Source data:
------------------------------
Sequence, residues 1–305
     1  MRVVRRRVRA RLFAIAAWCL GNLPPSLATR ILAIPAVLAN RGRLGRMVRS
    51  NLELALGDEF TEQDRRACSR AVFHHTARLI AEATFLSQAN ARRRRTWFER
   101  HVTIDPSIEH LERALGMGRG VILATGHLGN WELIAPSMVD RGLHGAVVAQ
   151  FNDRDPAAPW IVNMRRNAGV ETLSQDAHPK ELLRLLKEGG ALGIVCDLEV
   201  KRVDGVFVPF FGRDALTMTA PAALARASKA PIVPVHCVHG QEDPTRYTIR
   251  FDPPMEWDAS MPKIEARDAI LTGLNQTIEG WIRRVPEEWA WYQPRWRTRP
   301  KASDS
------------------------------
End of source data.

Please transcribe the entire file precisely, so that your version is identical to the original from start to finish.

Sequence, residues 1–305
     1  MRVVRRRVRA RLFAIAAWCL GNLPPSLATR ILAIPAVLAN RGRLGRMVRS
    51  NLELALGDEF TEQDRRACSR AVFHHTARLI AEATFLSQAN ARRRRTWFER
   101  HVTIDPSIEH LERALGMGRG VILATGHLGN WELIAPSMVD RGLHGAVVAQ
   151  FNDRDPAAPW IVNMRRNAGV ETLSQDAHPK ELLRLLKEGG ALGIVCDLEV
   201  KRVDGVFVPF FGRDALTMTA PAALARASKA PIVPVHCVHG QEDPTRYTIR
   251  FDPPMEWDAS MPKIEARDAI LTGLNQTIEG WIRRVPEEWA WYQPRWRTRP
   301  KASDS